Are you ready for your NERA inspection?

Caroline McEnery, managing director of The HR Suite, explains how to prepare your business for a NERA inspection



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14 April 2015

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In the first six months of 2013, NERA dealt with 28,794 queries. One of the main topics the queries dealt with related to the terms and conditions of employment. In the same period NERA made 2,755 workplace inspections, 42% of those inspected were non-compliant and in breach of their employer duties. 29 convictions resulted in fines of €400,000 being imposed.

The National Employment Rights Authority (NERA) was established by the government in February 2007 to ensure employers comply with employment rights legislation and to promote a culture of compliance in Ireland in the areas of employment. NERA completes this through announced and unannounced workplace inspections where it reviews employee files, take copies of documentation and interview management and employees as necessary. Inspections can be initiated for a number of reasons, for example: routine inspection, on foot of a complaint received about non-compliance or as part of a NERA campaign focusing on a specific sector or piece of legislation.

Legal obligations

There are over 40 pieces of employment legislation protecting employee rights in the workplace and the onus is on the employer to abide by the obligations set out in this legislation. The following are examples of legal obligations of employers that can result in fines if not complied with:

  • All employers are legally entitled to a copy of their contract within two months of commencing employment.
    • Are your staff contracts up to date covering all relevant legislation?
    •  Are the contracts given to new employees within the set timeframe?
  • All employees must receive a written notice of the organisations dismissal policy and procedures within 28 days of commencing employment.
    • Do you have a comprehensive policy and procedures manual for employees?
    • Do you have an acceptance process signed off by your employees?
  • Employees must be paid the correct rate of pay including the premium due in relation to Sunday work and overtime.
    • Do you have records of this?
  • All hours worked by employees must be recorded by employers.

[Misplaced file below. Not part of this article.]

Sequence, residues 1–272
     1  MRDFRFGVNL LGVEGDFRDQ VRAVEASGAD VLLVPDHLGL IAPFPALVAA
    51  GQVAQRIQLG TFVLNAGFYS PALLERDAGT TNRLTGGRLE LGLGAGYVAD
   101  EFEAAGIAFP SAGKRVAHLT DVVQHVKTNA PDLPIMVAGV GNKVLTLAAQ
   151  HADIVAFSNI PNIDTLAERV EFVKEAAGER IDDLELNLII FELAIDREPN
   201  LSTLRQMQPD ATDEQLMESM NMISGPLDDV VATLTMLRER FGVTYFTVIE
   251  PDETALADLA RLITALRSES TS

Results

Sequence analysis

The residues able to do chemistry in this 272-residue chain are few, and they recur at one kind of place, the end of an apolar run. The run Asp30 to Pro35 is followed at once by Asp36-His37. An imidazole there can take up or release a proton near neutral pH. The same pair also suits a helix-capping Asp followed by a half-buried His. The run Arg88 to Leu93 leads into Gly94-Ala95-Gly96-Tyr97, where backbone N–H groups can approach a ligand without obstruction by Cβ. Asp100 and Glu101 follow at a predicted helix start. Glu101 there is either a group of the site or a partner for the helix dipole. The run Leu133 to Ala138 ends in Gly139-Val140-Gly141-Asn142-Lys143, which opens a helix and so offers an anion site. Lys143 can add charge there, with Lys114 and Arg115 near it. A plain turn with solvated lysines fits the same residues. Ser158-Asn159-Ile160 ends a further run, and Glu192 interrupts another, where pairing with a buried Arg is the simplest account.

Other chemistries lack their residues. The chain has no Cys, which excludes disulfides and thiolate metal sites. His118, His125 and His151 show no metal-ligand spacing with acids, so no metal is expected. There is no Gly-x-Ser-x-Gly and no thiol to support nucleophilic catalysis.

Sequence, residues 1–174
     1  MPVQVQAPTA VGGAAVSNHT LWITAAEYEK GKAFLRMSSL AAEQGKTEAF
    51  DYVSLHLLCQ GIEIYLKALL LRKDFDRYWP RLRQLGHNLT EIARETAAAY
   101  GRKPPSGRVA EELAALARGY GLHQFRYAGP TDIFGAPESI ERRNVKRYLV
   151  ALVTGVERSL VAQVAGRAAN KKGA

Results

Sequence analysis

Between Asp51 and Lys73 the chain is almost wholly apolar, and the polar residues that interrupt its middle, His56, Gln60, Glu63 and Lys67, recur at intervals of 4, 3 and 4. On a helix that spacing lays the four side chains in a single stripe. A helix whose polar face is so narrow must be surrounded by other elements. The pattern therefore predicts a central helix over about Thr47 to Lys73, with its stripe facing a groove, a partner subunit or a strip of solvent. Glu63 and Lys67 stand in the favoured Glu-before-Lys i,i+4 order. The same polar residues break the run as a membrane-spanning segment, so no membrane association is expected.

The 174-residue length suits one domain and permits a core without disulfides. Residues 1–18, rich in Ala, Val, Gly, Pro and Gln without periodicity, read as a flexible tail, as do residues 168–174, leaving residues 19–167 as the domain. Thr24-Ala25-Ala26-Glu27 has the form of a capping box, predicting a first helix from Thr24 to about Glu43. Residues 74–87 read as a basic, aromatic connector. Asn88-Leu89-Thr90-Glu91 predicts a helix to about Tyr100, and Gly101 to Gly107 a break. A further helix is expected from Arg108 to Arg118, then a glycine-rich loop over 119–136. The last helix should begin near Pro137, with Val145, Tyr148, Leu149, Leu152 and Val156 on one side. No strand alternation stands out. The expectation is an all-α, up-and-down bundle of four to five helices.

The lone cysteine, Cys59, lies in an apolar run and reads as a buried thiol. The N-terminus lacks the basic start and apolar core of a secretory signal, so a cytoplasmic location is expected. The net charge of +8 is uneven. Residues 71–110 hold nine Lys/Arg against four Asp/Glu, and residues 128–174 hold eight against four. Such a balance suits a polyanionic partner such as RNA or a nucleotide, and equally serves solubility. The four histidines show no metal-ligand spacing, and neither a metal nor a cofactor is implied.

• How are you currently doing this?
  • All employees must receive their correct break entitlements.
    • Is this being recorded and logged in your business?
  •  If you have employees under the age of 18 are they receiving the correct rate of pay and breaks?

What a NERA inspector looks at

The best way to prepare for an inspection is to ensure that all employment records are up to date and available for the inspector to look at if necessary. An employer is required by employment law to retain records for a period of three years. A template with a number of questions will accompany the letter notifying an employer of a proposed inspection. It is important to have this ready to go as it will speed up the process.

NERA inspectors may enter your premises at any reasonable time either announced or unannounced. If announced, the inspector will notify the employer in writing prior to the inspection.

Employers are required by law to keep their employment records at the place of employment therefore NERA can demand to see and inspect employee records and take copies if required. Inspectors may also interview and collect information from any relevant person if they so wish.

The inspector will sit down with the employer and carry out an initial interview. The relevant records will then be inspected that will encompass the below.

  • Full name, address and PPS number for every employee
  • Terms of employment for all employees
  • Payroll details
  • Copy of payslips
  • Employees job classification
  • Dates of commencement and where relevant, termination of employment
  • Hours of work for each employee – including rest periods
  • Register of employees under 18
  • Work permits if relevant
  • Holidays and public holiday entitlements received by each employee
  • Additional records may be required to be held depending on the sector/business involved and the legislation under which the inspection is being conducted e.g. the retail JLC.

Having examined the records the inspector may then interview a sample of employees before concluding the inspection.

If a breach has occurred

Following an inspection, the employer will receive written notice of the outcome of the inspection. If a breach has been identified NERA may:

  • Request the employer correct the breach
  • Reimburse back pay to employees if required
  • Refer employer directly to legal services for prosecution depending on the offence
  • Complete another inspection
  • Impose fines in association with the breach

Any breaches of legislation identified will be explained and discussed with the employer, and he/she will be given a set time period within which to rectify these and to provide proof to the inspector that the issues have been resolved.

HR audits

It is important that all employers abide by their obligations set out in employment legislation to ensure not only legal compliance but employee well-being also. The HR Suite can conduct HR audits for employers to ensure legal compliance and will provide a detailed corrective action plan and relevant template documents tailored to specific business needs.

Contact our office for help in preparing for a NERA inspection or making sure your organisation is fully compliant on (066)7102887.




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